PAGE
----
Tips on Managing Your Online Reviews

Avoiding negative reviews for churchesLocal reviews are one of the most important elements of local online marketing.  Reviews effect your organizations rankings and (possibly more importantly) effect people’s opinions of your organization, possibly determining whether a new visitor will contact you or not.

So, managing your online reviews is an important part of your local marketing.  In the past I’ve written about turning a negative review into a positive and recently wrote about a couple of case studies from Liz Krause about how she and her clients dealt with some negative reviews.

Avoid Them!
Of course, the best way to deal with negative reviews is to not get them in the first place.  Today, Mike Blumenthal wrote about 7 tips for avoiding bad reviews.  No organization can completely avoid all negative reviews, but with a little planning and some simple techniques you can seriously decrease the number of bad reviews you will get.

I encourage you to check out Mike’s article:

What about churches and ministries?
Mike’s article is focused on businesses, but schools, churches and ministries all face the same possibility of negative reviews.  Some of the tips Mike gives are appropriate for all organizations, but churches and ministries face some unique challenges.  So, I thought I’d add a few tips specifically for churches and ministries below.

Warning: I’m not an expert on this, so I’d love to hear from you if you think I’m off on one of my suggestions and I’d also love to hear any other tips you may have.

Here’s what I’ve thought of:

  1. Church greeterMake welcoming people part of the culture of your church.  In a business, the staff and employees are the representatives, but in a church and ministry, everyone is a representative.  Remind your members that all of them need to welcome visitors.
  2. Make it clear who people can talk to if they are experiencing and issue with the church/ministry.  Most people automatically assume they should just tell the Pastor, but he may not be the one who is going to deal with the issue and there may be a more appropriate person to speak to.  For example, at my church we have a volunteer who organizes Sunday School.  If you needed to speak to someone about Sunday School, they would be the best person to speak to.  Also, what if the issue is regarding the Pastor, who should people speak to.  Giving people a clear avenue for addressing their concerns can create a better church environment.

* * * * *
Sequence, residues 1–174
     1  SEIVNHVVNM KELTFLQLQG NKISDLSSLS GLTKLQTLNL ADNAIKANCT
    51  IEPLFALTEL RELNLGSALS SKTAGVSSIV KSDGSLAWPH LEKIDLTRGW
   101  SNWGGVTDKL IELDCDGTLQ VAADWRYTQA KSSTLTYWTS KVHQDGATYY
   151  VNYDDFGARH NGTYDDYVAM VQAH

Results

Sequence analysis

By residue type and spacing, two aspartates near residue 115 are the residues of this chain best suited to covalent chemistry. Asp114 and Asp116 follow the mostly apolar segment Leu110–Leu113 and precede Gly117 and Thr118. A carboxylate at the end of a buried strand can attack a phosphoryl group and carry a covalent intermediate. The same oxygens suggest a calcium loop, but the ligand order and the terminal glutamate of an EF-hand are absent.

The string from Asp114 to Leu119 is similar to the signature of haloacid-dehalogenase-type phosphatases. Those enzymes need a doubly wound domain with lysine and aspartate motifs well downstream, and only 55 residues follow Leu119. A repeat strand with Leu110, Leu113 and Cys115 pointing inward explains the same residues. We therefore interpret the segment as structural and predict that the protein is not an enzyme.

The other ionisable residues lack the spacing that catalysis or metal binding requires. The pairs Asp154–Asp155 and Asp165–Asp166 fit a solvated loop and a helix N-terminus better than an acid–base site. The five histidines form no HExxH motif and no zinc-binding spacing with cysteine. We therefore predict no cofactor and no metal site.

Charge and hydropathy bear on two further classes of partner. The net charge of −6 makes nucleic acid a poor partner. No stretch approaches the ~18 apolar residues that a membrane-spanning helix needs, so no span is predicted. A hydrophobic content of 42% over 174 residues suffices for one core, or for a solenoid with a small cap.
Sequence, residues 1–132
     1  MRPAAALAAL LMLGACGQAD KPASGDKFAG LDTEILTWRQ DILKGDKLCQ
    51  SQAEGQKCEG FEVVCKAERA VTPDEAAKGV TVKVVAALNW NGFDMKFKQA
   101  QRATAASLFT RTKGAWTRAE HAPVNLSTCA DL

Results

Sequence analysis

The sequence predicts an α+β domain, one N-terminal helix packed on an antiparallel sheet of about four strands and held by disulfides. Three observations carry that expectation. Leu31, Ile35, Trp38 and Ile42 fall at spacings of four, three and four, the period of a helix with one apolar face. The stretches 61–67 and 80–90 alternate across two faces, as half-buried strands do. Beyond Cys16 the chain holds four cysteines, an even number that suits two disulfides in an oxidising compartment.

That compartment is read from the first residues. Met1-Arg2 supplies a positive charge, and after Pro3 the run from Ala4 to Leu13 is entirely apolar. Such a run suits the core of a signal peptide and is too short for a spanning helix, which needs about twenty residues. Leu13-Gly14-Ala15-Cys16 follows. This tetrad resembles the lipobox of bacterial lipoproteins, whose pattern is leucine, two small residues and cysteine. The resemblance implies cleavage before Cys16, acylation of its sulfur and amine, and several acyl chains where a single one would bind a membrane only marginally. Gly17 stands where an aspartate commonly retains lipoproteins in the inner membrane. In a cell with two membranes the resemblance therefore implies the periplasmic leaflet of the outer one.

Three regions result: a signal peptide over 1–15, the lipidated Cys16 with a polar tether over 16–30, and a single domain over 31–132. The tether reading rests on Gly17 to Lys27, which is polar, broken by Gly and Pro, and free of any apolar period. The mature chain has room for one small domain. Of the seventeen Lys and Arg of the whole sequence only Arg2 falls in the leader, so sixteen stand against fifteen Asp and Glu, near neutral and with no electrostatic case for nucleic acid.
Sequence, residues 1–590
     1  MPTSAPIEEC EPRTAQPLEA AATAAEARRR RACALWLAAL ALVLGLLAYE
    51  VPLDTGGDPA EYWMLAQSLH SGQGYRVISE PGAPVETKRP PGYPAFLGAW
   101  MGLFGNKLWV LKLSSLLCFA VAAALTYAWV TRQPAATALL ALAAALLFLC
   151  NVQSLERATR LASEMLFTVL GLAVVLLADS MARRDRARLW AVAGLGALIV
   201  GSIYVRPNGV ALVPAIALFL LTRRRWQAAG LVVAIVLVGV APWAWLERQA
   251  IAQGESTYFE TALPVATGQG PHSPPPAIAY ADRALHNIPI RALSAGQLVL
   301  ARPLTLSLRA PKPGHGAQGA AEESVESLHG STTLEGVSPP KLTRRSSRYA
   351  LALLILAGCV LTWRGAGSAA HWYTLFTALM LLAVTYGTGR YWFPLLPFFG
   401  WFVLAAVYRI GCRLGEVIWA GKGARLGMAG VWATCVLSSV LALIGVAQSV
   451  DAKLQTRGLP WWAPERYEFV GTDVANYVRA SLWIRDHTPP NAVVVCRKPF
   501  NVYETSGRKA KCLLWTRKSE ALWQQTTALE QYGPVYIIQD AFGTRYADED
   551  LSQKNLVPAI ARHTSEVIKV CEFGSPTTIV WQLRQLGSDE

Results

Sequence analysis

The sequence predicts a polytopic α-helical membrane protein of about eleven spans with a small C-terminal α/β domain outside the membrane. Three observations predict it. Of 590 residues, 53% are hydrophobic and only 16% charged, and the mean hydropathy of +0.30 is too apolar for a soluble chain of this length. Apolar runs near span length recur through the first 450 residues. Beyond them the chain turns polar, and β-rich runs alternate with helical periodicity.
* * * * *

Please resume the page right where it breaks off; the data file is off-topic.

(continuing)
3. Be responsive to suggestions and constructive criticism.  First, people like to know someone is listening.  Just being open to listening to suggestions and constructive criticism can prevent a lot of discontent.  Responding personally to the person making the suggestion/criticism, further shows that you value them.  Whether you agree with their assessment or not, by addressing their concerns and explaining your decision people will generally be more satisfied with the situation.
  4. Address complainers.  If/when a person starts complaining to others about one thing or another, don’t ignore it and hope the complaining stops.  Not only will ignoring not fix the issue with the complainer, but they will likely create more complainers.  By privately addressing the complainer right away you can prevent a lot of strife in the church.
  5. Be clear about the “why” when making changes within the church/ministry.  Most people are uncomfortable with change and changes lead to a lot of church issues, even splits.  By clearly explaining why a change is happening and how it agrees with the mission of the church/ministry you can get more people to “buy in” to the change.   By leading people up to and through the change, it can prevent a lot of misunderstanding and dissatisfaction.
  6. Create a culture of love.  I think most churches and ministries would say they want to create a culture of love, but I think it can be pretty easy to loose sight of intentionally creating that culture in the midst of the daily grind.  Preach it, teach it, exemplify it and encourage all the members to do the same.
What do you Think?
Like I said before, I’m not an expert at managing church / ministry member satisfaction and affinity so please post below if you think I’m off on one of my ideas or if you have any additional suggestions.

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